tip my hat to all those in love, and as for Romance, I tell you: it
took a while for me to temper my own distrust of Eros. I can say that
there are committed unions, whether couples or triples, whose devotion
to each other would be foolish to deny and dangerous to interfere with.
We need not look to storybooks to see this, for there are many examples
in the historical record, from Maria Oktabyrskaya, who joined a tank
brigade in revenge for the death of her husband, or the policy of the
U.S. military to keep married soldiers together in the same unit.
I can also say that what we make of Romance these days, I have feared
because we laud the Teenage variety far too much -- inafuation valorized
into obsession, nervousness valorized into a complete lack of
communication, grand gestures made without consulting the subject
beforehand, all of it leading to disaster...
Such behavior is not
all of why I ran from the matter, but it has kept me away. For I have
seen in such behavior an incompatability with stable relationships, a
refusal to consider the un-romantic and boring parts of a relationship
that are necessary for stability. Teenagers can devote themselves to
Romance because their food is provided (hopefully), their housing
secured (hopefully), their schedules certain, their transportation taken
care of...and fall into their version of Romance because, with their
lives ordered by others and being transported by others, sometimes it is
impossible to actually communicate with one's object of affections on a
consistent basis! So the Storybook lessons take over and we laud the
Grand Gestures, though they may be done out of a selfish obsession,
having admitted to one's mind no concept of what the other party feels,
or worse, they may be completed in a wild charge right over their
objections -- as if that was the basis of a stable relationship!
Not to mention that the very idea of romance being more important than
friendships, such that one would let friendships of years lapse for the
sake of devoting time to Bae, is a tragedy I see play out far too often.
The part of The Lion King where Timon thinks Simba's new relationship
with Nala will be the end of their friendship, I never questioned even
if I should have -- surely their trio does not have to be down to two
after all? Surely Nala can herself be a friend, and three can become
four? Surely a romantic partner who is not compatible with one's friends
is a bad choice for the long term?
I will admit that, as most
adults are lusty and I am not, I fail to consider certain aspects of
romantic relationships that have great influence. Perhaps it is that
many people think a sexual relationship should not be integrated with
one's frienships. Or, perhaps, the same people are so in lust that they
forget about their friends. Or it is simply that we all laud sexual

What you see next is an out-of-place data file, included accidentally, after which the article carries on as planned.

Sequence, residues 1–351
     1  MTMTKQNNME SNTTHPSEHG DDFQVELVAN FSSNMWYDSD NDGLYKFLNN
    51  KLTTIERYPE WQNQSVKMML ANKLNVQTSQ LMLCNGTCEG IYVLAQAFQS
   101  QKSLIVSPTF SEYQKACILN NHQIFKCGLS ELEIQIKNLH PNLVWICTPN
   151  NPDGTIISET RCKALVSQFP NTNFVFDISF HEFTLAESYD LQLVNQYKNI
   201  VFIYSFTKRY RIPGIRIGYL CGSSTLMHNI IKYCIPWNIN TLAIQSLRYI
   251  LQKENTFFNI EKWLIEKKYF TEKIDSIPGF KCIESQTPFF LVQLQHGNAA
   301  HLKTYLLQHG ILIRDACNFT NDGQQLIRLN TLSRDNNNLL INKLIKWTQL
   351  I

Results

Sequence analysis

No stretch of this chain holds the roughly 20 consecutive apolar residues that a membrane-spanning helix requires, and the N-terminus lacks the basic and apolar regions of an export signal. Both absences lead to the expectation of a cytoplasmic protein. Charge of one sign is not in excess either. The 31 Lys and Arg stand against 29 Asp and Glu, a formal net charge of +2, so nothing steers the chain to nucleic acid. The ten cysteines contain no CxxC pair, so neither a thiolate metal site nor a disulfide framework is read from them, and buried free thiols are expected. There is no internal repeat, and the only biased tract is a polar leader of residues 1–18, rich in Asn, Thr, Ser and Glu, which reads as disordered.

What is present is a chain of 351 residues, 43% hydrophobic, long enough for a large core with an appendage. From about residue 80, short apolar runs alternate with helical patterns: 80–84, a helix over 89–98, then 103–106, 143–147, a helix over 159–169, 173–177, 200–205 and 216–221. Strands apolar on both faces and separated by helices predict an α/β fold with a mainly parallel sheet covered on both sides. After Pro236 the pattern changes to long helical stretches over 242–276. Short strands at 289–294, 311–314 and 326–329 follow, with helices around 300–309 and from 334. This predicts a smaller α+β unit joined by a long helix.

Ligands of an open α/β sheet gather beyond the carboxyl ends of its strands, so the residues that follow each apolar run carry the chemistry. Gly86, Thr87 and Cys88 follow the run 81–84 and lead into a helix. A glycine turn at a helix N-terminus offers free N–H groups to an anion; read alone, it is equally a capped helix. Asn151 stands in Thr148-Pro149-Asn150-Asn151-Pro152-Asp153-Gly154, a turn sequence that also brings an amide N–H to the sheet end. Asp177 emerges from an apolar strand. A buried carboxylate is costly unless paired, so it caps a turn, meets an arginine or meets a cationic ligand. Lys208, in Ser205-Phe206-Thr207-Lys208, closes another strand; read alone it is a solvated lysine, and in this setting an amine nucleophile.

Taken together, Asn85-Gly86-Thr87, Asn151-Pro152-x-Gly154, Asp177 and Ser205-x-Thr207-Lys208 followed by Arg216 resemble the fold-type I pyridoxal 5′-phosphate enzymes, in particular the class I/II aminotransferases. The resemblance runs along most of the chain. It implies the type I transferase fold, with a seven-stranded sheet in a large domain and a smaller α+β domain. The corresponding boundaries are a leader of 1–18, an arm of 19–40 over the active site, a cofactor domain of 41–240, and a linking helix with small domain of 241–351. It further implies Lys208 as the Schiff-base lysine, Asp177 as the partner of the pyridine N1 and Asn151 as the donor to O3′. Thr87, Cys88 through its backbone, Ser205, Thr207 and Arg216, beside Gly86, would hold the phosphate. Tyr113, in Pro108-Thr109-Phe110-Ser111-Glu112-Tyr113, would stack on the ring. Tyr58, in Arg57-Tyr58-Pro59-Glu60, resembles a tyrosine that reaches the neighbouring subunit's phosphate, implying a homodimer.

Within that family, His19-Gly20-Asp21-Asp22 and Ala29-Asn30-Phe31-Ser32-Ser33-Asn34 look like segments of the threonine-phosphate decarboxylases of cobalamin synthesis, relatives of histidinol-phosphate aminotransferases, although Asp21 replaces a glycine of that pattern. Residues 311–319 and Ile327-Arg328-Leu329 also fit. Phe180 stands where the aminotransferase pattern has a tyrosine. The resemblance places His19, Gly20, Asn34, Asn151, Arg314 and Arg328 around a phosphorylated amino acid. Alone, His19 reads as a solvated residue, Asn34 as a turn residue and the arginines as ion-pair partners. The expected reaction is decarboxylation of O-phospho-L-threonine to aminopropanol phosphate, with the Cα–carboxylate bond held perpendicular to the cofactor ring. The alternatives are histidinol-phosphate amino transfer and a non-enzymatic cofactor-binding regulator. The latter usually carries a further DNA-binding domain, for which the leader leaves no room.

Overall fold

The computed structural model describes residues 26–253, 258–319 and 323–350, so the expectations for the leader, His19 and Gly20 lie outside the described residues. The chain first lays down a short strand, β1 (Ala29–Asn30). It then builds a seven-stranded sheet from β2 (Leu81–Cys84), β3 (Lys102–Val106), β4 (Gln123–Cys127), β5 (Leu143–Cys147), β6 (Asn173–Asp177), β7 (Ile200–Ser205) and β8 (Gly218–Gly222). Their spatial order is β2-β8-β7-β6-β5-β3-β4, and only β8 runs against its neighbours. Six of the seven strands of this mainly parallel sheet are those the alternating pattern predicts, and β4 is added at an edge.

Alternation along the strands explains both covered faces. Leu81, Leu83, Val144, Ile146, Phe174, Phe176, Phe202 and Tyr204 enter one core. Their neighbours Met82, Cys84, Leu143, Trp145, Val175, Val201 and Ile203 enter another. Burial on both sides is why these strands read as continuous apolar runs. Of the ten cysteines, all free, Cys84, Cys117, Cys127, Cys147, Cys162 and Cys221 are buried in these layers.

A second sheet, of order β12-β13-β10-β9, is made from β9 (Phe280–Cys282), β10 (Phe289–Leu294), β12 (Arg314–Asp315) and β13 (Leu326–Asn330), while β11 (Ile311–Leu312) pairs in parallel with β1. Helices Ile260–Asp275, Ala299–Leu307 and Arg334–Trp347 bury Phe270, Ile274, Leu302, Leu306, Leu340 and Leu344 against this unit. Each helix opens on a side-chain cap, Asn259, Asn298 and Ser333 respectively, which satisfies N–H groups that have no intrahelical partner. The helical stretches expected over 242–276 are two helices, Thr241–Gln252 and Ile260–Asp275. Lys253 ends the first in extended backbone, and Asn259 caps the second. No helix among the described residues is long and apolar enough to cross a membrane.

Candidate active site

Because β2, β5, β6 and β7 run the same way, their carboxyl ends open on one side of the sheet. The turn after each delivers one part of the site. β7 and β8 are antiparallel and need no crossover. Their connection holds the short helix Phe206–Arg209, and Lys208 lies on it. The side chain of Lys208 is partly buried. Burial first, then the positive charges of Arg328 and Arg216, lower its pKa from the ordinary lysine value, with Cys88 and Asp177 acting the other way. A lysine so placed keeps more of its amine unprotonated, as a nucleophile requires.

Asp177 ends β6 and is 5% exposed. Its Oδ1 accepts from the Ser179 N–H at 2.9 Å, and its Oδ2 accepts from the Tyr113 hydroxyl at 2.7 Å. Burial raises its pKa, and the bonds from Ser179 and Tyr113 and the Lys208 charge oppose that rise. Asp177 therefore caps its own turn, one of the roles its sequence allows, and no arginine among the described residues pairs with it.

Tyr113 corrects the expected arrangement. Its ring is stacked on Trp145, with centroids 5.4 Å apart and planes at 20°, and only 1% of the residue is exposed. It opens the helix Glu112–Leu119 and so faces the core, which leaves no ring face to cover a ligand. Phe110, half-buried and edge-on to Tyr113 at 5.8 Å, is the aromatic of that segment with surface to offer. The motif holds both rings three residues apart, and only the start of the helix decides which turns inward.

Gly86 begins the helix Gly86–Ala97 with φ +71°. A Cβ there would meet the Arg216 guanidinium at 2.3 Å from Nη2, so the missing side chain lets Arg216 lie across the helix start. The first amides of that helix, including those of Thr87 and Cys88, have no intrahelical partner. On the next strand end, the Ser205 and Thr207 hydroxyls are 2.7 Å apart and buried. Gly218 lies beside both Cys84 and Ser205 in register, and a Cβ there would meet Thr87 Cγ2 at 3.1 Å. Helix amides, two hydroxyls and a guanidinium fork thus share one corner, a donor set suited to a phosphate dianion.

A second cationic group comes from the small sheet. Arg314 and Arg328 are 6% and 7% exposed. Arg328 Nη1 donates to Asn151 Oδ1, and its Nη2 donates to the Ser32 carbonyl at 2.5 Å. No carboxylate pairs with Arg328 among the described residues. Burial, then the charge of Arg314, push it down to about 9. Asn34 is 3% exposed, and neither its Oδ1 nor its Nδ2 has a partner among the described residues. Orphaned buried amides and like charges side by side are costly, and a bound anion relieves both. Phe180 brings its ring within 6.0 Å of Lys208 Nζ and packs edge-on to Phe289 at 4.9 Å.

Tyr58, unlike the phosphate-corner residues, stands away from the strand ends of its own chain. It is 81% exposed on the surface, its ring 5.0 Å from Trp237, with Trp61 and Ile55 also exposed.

romantic relationships so highly that it would be impossible to put
friendship on the same plane -- certainly I have seen people mistaking
the deepest bonds of friendship between two people as some manner of
sexual romance, because, after all, how could a mere friendship be as
deep as Romance?
(I've made that mistake a few times.)
The storybooks imply that a romantic partner is supposed to someone's
One True Everything, as if such a thing would be healthy even if it were
true. Too much to put upon one person! Too many eggs to put in one
basket, and see them all shatter when a romance falls apart! And so we
say Love Hurts as if it is inevitable, and we say Love is Cruel -- as if
love were not the opposite of cruelty?
I will admit that the
love admits a certain vulnerability, as that is a primary part of its
function, and by this means it is much easier to suffer pain when
someone you love disappoints you than when a stranger does. In such a
light it is easy to call love cruel. Yet were I to do so I would call
humanity itself cruel, for Paul of Tarsus said about
love, that it without it one is nothing.
Hard to imagine,
sometimes, when all we hear of someone's deeds from far away is the
terribly stupid and hasty things they have done -- of course that is
what news we hear of them, precisely because it is unusual and striking.
What affections they have, what relationships they have, these are most
often left for biographies, not for the newspaper, and we would have it
so unless accepting the idea that every newspaper must be a snooping
tabloid. Some people say the whole world is awful, and yet do not treat
the people around them poorly as a matter of course, because of course
that would be rude, because surely if they are not being rude
themselves, they do not deserve harm -- as we expect to be treated with
respect so we treat strangers with respect in turn, and effectively
uphold a basic grudging respect as a birthright -- I call that a kind of
love, though some would call that banality, on the assumption that such
is done for fear of retaliation alone.
And yet -- were you to be drowning before
someone's eyes, would you assume that they will do nothing? I would
assume they would throw you a rope, and I think you would assume the
same thing. How many times these days the sites of great disasters